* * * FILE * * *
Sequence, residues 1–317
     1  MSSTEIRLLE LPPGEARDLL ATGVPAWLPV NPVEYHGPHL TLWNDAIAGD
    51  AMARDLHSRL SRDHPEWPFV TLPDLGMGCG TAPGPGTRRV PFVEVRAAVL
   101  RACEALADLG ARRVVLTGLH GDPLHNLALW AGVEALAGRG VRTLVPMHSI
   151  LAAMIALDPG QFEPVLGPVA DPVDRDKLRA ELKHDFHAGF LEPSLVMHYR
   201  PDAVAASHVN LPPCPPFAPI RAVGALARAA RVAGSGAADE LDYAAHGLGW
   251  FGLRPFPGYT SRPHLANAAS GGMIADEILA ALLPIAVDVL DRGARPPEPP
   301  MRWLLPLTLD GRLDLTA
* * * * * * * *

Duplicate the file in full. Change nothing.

Sequence, residues 1–317
     1  MSSTEIRLLE LPPGEARDLL ATGVPAWLPV NPVEYHGPHL TLWNDAIAGD
    51  AMARDLHSRL SRDHPEWPFV TLPDLGMGCG TAPGPGTRRV PFVEVRAAVL
   101  RACEALADLG ARRVVLTGLH GDPLHNLALW AGVEALAGRG VRTLVPMHSI
   151  LAAMIALDPG QFEPVLGPVA DPVDRDKLRA ELKHDFHAGF LEPSLVMHYR
   201  PDAVAASHVN LPPCPPFAPI RAVGALARAA RVAGSGAADE LDYAAHGLGW
   251  FGLRPFPGYT SRPHLANAAS GGMIADEILA ALLPIAVDVL DRGARPPEPP
   301  MRWLLPLTLD GRLDLTA